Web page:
Written by Krista Moyer
Published: August 20, 2015 at 3:10 PM [UTC]
That instrument has served me well over the past two years, but I was starting to have issues with it. I struggled with fifths on the G and D strings that were never in tune. The bow was so flexible; the hair pressed up against the stick if I used any weight at all, and spiccato was a nightmare. Higher positions were difficult because my arm felt cramped. And I just couldn’t manage double-stops on the A and E strings at all, even though I could on my el-cheapo campfire fiddle. Given all that, and the disappointment I felt when my instrument sounded so tinny next to my fellow adult students in ensemble, I began to wonder what else was out there.
Some casual exploration in the local area confirmed that a full size instrument was still not in the cards. It hurts to play one. So I began looking for a nicer ¾ instrument. However, there really is very little selection available locally. My teacher and my husband weren’t convinced that I needed a better instrument. Perhaps they felt my technique needed polishing and that would cure my issues. I kept looking anyway.
My work is the kind that requires that I take a certain number of days off in a row for audit purposes. A couple of weeks ago I found myself taking vacation to meet that requirement, but with no trip to go on because it had been unexpectedly canceled. Seizing the opportunity to do a quick road trip, I made an appointment to see some violins at a violin shop out of town that is known for having a wide selection. I let them know what I was looking for, what my issues were, a price range, and the type of music and venue I generally play in, and they agreed to assemble a likely selection of candidates for me to try.
Then I went to my lesson and confessed what I had planned. My teacher inquired as to where I was going and seemed OK with it so I mentioned that I couldn’t find anyone who had time off in the middle of the week to go with me. He had never been to that shop and was intrigued so he offered to come along. Yay!
Now I know how I am, and I was planning on an exploratory mission; however, I know better than to do these things without a budget and sufficient funds to cover in the event that something really struck me. The trip was a lark, and neither my teacher, nor I expected that anything would come of it except the opportunity to play a bunch of violins for a few hours. But one never knows, right? I was prepared for almost anything.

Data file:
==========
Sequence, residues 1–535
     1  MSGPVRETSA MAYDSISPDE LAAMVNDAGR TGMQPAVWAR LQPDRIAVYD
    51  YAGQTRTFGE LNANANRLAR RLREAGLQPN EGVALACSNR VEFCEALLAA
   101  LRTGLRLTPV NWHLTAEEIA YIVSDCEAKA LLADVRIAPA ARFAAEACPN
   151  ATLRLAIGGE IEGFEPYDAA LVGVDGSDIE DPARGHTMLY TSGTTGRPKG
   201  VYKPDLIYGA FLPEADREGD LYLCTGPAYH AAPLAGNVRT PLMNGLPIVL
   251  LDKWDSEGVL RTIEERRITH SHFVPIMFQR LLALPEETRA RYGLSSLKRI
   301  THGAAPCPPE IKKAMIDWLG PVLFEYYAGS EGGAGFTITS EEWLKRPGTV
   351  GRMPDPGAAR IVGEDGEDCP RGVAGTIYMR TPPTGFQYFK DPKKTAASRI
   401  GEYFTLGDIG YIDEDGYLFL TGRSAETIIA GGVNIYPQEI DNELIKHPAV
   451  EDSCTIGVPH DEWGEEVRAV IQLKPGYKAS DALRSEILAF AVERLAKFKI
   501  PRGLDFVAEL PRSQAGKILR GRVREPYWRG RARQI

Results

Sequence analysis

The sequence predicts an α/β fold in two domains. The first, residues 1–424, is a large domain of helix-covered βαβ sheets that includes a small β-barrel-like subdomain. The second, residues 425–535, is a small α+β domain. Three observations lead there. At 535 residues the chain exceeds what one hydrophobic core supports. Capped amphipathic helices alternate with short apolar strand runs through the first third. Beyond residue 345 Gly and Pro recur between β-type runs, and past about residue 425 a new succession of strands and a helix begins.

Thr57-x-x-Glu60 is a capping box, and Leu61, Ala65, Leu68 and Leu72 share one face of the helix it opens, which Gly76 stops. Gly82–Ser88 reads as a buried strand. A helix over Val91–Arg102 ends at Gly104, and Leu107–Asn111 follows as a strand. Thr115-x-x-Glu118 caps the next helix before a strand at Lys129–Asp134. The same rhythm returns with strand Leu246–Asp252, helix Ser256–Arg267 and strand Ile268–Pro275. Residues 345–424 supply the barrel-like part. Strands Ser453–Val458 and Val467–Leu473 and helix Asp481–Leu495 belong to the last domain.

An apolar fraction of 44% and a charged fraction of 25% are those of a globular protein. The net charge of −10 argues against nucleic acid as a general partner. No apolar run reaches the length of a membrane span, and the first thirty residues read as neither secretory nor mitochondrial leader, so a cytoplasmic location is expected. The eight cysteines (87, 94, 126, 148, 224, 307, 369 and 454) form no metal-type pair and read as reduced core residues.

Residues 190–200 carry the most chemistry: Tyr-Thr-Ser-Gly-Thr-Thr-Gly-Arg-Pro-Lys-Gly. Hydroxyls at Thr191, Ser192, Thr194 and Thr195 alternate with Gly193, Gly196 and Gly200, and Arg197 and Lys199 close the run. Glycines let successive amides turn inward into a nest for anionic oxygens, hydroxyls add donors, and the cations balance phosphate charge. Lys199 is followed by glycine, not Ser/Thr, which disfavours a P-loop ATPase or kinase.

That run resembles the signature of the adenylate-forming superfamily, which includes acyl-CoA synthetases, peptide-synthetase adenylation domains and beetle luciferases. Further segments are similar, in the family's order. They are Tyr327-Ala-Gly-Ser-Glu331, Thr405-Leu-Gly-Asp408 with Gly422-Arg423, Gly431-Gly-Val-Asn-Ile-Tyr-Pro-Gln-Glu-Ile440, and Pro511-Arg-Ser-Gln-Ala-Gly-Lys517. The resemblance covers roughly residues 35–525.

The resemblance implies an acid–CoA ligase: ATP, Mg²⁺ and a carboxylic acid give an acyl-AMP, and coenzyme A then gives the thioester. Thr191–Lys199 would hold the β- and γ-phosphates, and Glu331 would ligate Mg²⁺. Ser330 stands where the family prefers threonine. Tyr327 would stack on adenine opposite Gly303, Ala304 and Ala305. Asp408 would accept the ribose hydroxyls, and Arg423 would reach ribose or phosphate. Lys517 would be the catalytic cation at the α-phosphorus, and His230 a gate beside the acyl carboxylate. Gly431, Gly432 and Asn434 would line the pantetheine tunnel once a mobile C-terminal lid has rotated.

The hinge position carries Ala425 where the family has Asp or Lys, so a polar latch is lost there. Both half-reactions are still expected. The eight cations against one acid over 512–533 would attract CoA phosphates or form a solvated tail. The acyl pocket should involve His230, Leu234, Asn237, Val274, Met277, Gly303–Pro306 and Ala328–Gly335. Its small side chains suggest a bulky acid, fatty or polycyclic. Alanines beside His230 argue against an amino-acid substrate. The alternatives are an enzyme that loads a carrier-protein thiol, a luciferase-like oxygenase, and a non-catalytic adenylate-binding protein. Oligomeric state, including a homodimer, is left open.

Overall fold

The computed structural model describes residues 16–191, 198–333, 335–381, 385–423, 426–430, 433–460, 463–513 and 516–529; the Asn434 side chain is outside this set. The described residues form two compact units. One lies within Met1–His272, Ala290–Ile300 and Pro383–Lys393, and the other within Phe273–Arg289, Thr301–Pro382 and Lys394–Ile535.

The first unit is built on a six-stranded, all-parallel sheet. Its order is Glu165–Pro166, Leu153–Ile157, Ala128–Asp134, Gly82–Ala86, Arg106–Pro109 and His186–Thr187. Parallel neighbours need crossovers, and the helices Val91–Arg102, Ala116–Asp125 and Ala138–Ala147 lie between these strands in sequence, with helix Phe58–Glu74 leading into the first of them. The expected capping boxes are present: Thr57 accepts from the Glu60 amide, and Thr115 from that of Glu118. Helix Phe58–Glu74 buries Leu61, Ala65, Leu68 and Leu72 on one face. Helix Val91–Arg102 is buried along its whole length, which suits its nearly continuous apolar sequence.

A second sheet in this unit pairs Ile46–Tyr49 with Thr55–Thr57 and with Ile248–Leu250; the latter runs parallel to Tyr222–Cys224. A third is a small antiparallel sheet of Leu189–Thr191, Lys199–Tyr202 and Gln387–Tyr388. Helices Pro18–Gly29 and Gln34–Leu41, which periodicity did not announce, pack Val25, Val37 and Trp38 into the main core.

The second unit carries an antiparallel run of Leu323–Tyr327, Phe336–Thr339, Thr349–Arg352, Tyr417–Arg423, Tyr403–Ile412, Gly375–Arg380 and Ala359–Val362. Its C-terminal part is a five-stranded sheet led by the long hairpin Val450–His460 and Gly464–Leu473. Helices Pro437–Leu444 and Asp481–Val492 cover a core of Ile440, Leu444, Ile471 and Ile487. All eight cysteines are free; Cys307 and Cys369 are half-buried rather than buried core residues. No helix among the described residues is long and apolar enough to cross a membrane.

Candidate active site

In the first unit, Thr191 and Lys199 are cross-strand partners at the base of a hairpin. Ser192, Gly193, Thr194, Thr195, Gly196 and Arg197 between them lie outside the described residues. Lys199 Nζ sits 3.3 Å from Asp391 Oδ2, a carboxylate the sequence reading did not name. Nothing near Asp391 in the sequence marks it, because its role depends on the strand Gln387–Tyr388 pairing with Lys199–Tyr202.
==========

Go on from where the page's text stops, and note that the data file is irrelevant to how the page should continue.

Upon arrival at the shop, they set us up in a lovely showroom and brought out four instruments. We tried them out and kept two for further consideration - a ¾ and a 7/8. Every 20 minutes or so, the staff would remove the rejects and bring more violins. This one didn’t have a sympathetic ring on the A string. That one sounded beautiful under the ear, but scratchy from across the room. Another was too unfocused. After more than two hours and about 25 violins, we narrowed our favorites down to the first two we set aside. The ¾ had a buttery-smooth, clear, round and mellow sound, but it was a bit quiet and had some repairs. I worried that it wasn’t a big enough improvement over my existing violin. The 7/8 was more edgy than the other one – clear, focused, brilliant, warm, and resonant. It sounded identical under the ear as it did across the hall, and my teacher couldn’t seem to put it down. I debated whether the size would prove to be a problem after playing it for a while.